NC School Report Card 2014-2015

Susan Williams- Kensington Elementary

School Performance Grade

Achievement 80

Growth 68.5 Growth Status: Did Not Meet

School Performance 77 Grade B

EOG Reading 76 Grade B

EOG Math 79 Grade B

What happened?

Three big things happened...1) We were redistricted and we lost quite a few of our upper-grade level teachers to that shift in students and personnel, 2) We got a little complacent thinking that what we had always done in the past would continue getting us through, and 3) first and second grades had never had low scores and for these results we realized that we were not consistent with our mClass scoring. Out of eight 5th grade teachers from 2013-2014, we had four of them return to us and one of those was a BT2.

What are we doing to recoup our losses?

  • Monday and Wednesday planning times are set aside for the grade levels to work with the curriculum coordinator and planning reading, writing and math lessons. That time is spent making sure that what we are testing is actually being taught and the questions match up with standards.
  • We have moved back to the basics. Content purpose statements are on the boards in student-friendly terms and they are discussed. When the administration does a walk-through, students are asked what they are doing and why.
  • Teachers have been taken out of their comfort zone and all lessons have to have corresponding standards listed. This is one of the things we had gotten away from, but have now made it a priority. All lessons are shared with the administration as well.
  • Teachers, with the help of the curriculum coordinator, follow the pacing guide on the Content Resource page more closely.
  • Administration sits in on those Monday and Wednesday meetings to show the staff that it is a priority.
  • Each six weeks, the teachers get a half-day planning with their grade level and the curriculum coordinator to plan for the bigger picture, look at benchmark data, and discuss any issues.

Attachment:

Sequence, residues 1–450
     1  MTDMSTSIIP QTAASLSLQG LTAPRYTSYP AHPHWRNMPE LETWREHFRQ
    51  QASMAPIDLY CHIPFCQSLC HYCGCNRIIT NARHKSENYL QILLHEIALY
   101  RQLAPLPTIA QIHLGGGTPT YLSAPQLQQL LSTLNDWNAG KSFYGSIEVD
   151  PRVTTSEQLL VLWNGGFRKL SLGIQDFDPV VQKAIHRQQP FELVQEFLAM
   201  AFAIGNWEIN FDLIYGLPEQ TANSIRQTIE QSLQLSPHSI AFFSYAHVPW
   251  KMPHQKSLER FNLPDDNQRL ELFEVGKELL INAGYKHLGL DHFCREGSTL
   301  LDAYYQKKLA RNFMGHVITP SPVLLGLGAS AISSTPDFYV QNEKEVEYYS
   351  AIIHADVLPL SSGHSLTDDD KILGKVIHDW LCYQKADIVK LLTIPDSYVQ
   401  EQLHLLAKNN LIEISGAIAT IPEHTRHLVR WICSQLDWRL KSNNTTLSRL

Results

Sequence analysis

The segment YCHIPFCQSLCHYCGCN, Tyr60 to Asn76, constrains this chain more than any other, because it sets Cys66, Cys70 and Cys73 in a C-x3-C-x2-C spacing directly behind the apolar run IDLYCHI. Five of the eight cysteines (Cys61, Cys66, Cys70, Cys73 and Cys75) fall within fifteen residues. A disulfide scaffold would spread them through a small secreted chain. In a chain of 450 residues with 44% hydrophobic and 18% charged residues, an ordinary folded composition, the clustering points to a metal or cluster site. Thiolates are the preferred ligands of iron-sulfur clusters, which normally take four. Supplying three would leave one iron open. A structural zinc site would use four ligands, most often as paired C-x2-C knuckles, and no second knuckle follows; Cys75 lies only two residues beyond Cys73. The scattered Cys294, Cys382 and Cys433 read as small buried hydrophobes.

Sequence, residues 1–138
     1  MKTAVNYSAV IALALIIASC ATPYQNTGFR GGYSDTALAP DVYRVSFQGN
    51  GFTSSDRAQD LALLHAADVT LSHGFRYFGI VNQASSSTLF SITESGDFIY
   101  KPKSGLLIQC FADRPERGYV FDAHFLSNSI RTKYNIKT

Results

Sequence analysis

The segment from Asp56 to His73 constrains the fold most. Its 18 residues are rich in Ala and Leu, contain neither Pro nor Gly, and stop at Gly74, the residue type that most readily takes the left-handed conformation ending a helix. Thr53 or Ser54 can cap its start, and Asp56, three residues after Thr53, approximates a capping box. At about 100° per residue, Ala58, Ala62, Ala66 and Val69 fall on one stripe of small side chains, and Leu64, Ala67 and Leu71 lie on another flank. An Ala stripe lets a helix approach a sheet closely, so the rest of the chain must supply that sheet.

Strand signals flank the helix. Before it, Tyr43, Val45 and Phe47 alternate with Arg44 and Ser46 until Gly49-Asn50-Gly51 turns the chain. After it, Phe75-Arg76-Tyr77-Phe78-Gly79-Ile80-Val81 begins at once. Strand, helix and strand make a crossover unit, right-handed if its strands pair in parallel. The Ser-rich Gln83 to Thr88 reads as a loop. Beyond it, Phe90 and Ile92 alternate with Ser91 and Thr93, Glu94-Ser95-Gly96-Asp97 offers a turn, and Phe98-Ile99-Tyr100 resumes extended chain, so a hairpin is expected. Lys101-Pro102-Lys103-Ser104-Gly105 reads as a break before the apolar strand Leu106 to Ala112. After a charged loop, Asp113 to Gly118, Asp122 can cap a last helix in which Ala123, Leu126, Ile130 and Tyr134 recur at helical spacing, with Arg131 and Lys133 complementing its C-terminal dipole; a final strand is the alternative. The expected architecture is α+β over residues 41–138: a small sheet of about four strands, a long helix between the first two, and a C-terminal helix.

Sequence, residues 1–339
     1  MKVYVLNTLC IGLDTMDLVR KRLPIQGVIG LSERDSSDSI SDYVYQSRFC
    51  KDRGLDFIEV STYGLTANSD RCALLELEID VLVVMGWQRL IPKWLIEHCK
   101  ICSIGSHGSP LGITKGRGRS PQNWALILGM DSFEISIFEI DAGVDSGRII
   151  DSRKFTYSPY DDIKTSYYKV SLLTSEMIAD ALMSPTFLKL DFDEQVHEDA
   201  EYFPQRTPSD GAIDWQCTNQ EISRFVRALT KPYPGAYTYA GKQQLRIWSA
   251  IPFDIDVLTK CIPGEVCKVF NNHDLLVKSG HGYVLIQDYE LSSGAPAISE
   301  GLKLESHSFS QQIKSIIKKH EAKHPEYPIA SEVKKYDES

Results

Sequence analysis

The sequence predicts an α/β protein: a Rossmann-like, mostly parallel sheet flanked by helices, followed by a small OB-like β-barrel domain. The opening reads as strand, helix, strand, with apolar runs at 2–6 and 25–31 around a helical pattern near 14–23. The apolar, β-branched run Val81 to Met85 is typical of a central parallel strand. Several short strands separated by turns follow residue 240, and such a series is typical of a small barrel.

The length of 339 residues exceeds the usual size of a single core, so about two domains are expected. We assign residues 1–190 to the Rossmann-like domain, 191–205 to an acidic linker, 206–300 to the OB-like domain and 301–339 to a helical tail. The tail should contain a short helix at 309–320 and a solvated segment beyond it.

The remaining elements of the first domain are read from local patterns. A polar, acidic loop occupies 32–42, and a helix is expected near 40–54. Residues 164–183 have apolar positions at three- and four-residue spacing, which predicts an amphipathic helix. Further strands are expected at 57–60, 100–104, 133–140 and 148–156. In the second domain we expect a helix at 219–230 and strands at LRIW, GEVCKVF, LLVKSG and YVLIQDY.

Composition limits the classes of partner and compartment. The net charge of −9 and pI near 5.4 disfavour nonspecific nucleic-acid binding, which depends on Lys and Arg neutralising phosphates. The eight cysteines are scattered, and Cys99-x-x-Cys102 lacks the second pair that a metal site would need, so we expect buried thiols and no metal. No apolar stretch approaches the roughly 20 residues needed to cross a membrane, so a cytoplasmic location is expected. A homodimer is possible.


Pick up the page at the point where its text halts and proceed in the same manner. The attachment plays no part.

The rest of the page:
• Teachers meet with students to help them plan their personal goals for each six weeks putting some accountability on the students to look at what they are doing, how well they are doing it and what they can do to improve their own performance.
  • Second grade is switching assessors for the mid-year mClass instead of waiting for the end of year.

Realistically affordable or measurable?

These are realistic solutions that take us back to basics and hold us accountable to teach the standards. I don't think they are particularly innovative, but I do think that they are getting the results we need to improve our scores. It is a plan that can be replicated in other elementary schools with ease. Since there is no cost but subs for three days during a six weeks period, we are making it work within our budget. Looking at benchmark scores and EOG scores that will come in later, the administration believes these are measurable strategies we have put into place at KES. There is data posted in the curriculum room that is revisited at meetings. Everyone is accountable to the group consisting of the curriculum coordinator, the grade level staff and administration when you come to the meeting and are prepared with your piece of the puzzle. The effectiveness of these meetings is constantly reevaluated. Since the staff makes the schedule each year, they decided to have a short planning period each day rather than one day with a longer block of time. They didn't particularly like giving up their Mondays and Wednesdays to meet with the group, but like the dividing of the duties among the group. The morale issue has been with teachers knowing that for the first time since opening KES did not make intended growth and increased inspecting of what we are expecting.